Otherworldliness informs the eighteen stories of Julian Mortimer Smith’s The World of Dew and Other Stories, which range from traditional science fiction to speculative fiction, and from flash fiction to long-form short stories, inviting readers into wholly new universes.
Bedrock truths about human fallibility ground the book, in which children believe what their parents tell them, grown-ups play games and become dangerously competitive, and shy people keep to themselves, seeming “full of potential, undamaged somehow.” Such human imperfections drive many of the stories, whose suspense is heightened by their alien settings.
As they span worlds and genders, the stories excel at keeping their characters, and their casual conversations, in line with their imagined worlds. In “Barb-the-Bomb and the Yesterday Boy,” the boy lives a day behind the rest of his world. “Don’t touch him,” another character warns, reinforcing his unusual predicament, “or you might end up when he is.”
The book’s imaginative elements arrive through both mundane details and literal flips of reality, as in “Come-from-Aways,” when the narrator remarks, “I could see stars, a whole galaxy of them, spread out below me, underneath the water.” Readers must acclimate to new worlds within most of the stories; some of their world building is abrupt, and some distinctions between what’s literal and what’s figurative are blurred. “That’s where I live—that tiny splinter between your fingernails, that fragment, that almost nothing,” one narrator says—a metaphor, but one that comes so early in the tale that it could be mistaken for fact.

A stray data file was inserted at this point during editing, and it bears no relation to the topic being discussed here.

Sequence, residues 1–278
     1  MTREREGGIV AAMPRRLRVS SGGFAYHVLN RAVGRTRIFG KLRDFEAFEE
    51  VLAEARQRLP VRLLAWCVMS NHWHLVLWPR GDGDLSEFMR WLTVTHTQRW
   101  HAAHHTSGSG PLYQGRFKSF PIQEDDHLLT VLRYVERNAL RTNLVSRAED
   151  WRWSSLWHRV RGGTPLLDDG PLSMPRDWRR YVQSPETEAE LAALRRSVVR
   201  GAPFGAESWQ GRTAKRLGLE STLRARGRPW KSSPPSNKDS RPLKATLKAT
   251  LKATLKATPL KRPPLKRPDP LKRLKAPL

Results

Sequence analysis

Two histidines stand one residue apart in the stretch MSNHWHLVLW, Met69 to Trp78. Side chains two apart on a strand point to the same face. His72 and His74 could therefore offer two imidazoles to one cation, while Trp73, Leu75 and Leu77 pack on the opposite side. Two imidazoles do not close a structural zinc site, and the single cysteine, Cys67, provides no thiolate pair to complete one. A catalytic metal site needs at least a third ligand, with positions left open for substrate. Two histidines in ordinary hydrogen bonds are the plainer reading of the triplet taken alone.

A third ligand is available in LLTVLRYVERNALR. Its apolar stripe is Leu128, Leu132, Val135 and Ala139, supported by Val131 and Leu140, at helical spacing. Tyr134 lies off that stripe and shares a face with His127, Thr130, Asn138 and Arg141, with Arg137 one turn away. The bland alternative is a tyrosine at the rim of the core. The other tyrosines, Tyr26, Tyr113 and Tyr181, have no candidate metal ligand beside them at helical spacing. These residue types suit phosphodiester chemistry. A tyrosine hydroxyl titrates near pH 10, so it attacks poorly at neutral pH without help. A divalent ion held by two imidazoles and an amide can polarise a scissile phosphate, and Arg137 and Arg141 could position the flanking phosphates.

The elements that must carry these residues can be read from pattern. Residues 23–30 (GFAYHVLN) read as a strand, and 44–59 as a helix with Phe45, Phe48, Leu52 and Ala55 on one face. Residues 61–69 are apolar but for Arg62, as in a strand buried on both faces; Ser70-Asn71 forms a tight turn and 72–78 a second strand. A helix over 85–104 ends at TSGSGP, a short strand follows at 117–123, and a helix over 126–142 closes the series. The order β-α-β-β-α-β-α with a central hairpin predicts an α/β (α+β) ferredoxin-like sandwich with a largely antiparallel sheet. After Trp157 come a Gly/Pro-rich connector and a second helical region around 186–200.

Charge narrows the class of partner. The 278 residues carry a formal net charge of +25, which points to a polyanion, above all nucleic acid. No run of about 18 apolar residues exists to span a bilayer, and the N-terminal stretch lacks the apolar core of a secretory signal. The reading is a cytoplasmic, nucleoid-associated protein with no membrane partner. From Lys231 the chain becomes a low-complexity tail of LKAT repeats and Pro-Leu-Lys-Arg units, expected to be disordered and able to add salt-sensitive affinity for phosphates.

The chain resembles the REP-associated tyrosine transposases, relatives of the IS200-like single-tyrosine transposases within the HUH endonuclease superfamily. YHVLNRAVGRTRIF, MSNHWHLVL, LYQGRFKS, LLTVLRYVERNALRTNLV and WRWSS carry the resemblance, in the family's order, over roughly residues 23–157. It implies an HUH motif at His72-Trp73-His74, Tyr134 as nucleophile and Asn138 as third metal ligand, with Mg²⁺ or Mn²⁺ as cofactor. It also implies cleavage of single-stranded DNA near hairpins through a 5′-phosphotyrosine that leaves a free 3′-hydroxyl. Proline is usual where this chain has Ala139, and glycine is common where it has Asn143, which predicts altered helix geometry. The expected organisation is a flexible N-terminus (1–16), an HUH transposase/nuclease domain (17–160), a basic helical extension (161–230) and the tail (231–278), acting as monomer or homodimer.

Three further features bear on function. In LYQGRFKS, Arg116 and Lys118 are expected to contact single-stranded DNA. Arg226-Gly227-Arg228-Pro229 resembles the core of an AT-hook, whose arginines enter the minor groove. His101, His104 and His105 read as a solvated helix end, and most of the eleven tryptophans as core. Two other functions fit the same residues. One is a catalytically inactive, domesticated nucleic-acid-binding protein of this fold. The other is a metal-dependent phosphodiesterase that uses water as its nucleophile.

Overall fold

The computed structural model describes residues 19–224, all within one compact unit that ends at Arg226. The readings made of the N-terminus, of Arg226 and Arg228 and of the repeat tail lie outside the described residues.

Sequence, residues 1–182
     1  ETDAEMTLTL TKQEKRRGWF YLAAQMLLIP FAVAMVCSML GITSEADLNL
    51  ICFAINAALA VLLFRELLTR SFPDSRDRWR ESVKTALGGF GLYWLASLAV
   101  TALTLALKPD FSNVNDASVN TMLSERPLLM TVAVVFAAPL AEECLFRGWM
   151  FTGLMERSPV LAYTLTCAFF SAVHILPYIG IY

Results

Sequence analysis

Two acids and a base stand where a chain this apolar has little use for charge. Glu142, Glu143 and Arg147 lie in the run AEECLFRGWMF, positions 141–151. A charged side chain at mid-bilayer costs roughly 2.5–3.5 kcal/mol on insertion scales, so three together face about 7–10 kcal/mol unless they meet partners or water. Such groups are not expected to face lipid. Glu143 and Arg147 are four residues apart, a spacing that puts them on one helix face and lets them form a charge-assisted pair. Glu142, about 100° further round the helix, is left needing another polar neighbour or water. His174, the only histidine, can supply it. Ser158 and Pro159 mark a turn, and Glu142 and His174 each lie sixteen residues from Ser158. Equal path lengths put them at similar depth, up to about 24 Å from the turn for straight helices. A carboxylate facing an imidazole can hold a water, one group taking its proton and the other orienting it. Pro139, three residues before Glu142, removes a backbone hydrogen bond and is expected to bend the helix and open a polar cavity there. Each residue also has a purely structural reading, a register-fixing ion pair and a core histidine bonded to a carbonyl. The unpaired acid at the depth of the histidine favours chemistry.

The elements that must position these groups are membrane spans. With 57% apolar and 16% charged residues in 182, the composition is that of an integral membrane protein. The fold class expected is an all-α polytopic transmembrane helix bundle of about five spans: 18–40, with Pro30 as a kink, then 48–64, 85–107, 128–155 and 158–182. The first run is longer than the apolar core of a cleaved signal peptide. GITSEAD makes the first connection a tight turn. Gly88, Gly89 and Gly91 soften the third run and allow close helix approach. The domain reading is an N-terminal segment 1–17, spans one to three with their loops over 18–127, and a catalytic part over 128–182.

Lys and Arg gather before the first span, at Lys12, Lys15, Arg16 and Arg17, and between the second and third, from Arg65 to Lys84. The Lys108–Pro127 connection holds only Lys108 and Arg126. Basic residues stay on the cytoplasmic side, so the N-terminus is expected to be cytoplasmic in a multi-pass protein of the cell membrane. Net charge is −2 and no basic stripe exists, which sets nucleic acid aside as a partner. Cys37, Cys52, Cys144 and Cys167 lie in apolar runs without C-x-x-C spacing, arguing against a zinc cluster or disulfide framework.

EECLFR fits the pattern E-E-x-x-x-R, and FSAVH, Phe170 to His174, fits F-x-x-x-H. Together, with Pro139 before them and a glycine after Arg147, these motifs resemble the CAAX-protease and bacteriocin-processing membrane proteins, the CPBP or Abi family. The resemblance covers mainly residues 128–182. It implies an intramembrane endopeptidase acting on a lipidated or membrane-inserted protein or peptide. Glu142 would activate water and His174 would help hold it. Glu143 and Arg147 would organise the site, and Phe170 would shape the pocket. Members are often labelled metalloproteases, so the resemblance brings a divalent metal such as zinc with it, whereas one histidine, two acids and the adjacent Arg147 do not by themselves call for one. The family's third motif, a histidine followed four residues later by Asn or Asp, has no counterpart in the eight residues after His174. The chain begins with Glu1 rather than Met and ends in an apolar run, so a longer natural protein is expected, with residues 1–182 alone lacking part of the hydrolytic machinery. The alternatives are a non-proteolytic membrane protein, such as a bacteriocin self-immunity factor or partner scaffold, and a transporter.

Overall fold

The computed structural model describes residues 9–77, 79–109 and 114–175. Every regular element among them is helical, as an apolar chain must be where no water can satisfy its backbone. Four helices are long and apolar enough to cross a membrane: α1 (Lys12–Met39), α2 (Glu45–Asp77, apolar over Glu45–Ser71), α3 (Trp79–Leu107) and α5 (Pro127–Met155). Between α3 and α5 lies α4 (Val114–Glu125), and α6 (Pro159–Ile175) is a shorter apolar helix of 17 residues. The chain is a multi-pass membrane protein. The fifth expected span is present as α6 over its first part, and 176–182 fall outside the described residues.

The uniquely visualized tales of The World of Dew and Other Stories place traditional human struggles with mortality, love, and belonging into a panoply of new worlds.
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